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June 13-21

June 29, 2019

Trailer Destruction Day was June 13th and I documented it here. Our progress was interrupted for a couple days while we waited for Trailer 2.0, but we were back on the road and rolling into east Texas soon enough.

Somewhere between College Station and the Louisiana border, the National Weather Service started issuing Heat Advisories. “It’s going to be very hot. Be careful. Increased risk of heat exhaustion and heat stroke.” It’s been a long time since I’ve experienced heat and humidity like that. I worked in landscaping for a couple summers in Oklahoma, but now I’m old. Every day I sweated like crazy even before we started riding. Jax panted nonstop and was only interested in running before sunrise. The air was too wet for panting or sweating to do much good, so we just drank a lot of water, stopped to rest in the shade once in awhile and kept on rolling. I may be old, but I’m not dead yet. Suck it, heat.

The best part of our east Texas leg was reconnecting with my buddy Johnny Howard, whom I’ve known for about 50 years. 50. Years! We had a lot of catching up to do and it made me proud to see all that he’s accomplished with his life.

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With a brand new steel trailer for Jax, we rolled out of Waco to Hearne, then College Station, New Waverly, Shepherd, Kountze, and our final stop in Texas was Kirbyville. We dodged and sometimes failed to dodge thunderstorms along the way, but the big challenge was the heat and humidity, which increased as we moved east. At one point, the Garmin read 107°F with all the heat coming off the road, and I’m pretty sure a fish would have been able to breathe the air. Staying hydrated was a priority, as was keeping Jax cool with lots of water to drink and water rubbed into his neck, ears and flanks. I didn’t want to ride down into the Houston area, so Johnny, a friend I’ve known since we were seven or eight, met us in New Waverly, drove us to his home in Spring, TX and dropped us back in New Waverly the next morning to resume our journey, rested and well fed. Talking to him and his wonderful wife, Mary, about the lives they’ve lived, the amazing sons they raised and their grandchildren, was food for my soul. The next day, Jax and I rode on to Shepherd. John and Mary hadn’t seen enough of Jax though, and they drove out to Shepherd, took me to a barbecue place and we talked some more before Jax and I rolled off to Kountze on our way to Louisiana. ——As always, I eventually include these posts in a blog post, which gets reposted to the @rollingwithjax page on Facebook, along with other info about the ride and/or @k9sforwarriors. To see more about our adventures or learn more about K9s For Warriors, follow the link to the website in my bio. #rollingwithjax #k9sforwarriors #veterans #cyclingwithdogs #bicycletouring #servicedog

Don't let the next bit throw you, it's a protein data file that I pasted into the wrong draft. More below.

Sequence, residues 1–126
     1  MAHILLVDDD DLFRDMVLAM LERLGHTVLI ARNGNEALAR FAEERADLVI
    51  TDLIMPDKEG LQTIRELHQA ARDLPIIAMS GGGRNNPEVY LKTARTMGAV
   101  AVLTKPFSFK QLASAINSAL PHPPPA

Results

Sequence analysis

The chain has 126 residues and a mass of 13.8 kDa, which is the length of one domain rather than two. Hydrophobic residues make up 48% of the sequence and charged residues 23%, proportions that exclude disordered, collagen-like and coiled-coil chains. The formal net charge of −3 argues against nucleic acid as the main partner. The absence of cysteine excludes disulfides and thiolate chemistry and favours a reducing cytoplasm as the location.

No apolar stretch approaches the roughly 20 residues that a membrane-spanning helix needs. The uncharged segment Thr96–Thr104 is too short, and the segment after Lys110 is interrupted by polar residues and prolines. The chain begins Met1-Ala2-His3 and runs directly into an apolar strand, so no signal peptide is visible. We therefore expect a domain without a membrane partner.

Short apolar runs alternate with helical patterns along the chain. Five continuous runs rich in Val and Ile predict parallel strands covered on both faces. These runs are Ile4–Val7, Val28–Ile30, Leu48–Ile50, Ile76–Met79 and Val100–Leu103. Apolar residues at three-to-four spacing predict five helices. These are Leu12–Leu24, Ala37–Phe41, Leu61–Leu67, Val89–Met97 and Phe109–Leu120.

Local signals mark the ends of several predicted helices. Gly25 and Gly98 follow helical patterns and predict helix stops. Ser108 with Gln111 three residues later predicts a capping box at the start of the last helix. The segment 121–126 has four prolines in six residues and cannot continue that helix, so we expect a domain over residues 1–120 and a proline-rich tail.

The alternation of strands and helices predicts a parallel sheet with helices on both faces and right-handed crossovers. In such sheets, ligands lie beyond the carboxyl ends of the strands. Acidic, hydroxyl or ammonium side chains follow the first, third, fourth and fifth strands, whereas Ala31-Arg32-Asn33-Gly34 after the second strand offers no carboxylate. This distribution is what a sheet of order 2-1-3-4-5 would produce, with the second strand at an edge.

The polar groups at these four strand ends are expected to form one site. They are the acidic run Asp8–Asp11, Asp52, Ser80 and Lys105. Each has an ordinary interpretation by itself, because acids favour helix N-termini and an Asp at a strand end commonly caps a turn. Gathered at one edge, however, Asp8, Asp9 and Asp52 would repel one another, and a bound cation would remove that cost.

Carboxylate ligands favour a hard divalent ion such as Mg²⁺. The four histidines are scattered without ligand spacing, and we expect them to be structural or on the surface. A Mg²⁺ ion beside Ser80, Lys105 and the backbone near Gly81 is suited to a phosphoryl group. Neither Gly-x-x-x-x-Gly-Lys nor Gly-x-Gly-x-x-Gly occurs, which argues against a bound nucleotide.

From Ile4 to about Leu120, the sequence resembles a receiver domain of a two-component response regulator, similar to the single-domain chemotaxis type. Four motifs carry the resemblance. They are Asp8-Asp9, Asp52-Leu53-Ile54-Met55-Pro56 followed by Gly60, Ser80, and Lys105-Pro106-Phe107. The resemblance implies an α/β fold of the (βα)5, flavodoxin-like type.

A post shared by John Tate (@one.john.tate) on

Click here to help save a dog and a warrior!
Hard experience taught me that a real rain cover is a must for a mesh-sided dog trailer on a cross country bicycle tour. My improvised cover didn’t cut it, so Tammy mailed me one that fits perfectly, even though nobody actually makes one for the trailer model I bought.
Last stop in Texas: the Kirbyville Veterans Memorial.
“THEIR LOVE FOR US IS HERE REFLECTED. BEAR WITNESS AND GIVE THANKS.”

From → Texas

2 Comments
  1. Dawn Wright permalink

    Keep rollin’ our way, where the heat and humidity might be as high as you just experienced! Take good care and see you here in Ponte Vedra soon!
    Best, Dawn Wright
    (Originally from the Great PNW!)

    Liked by 1 person

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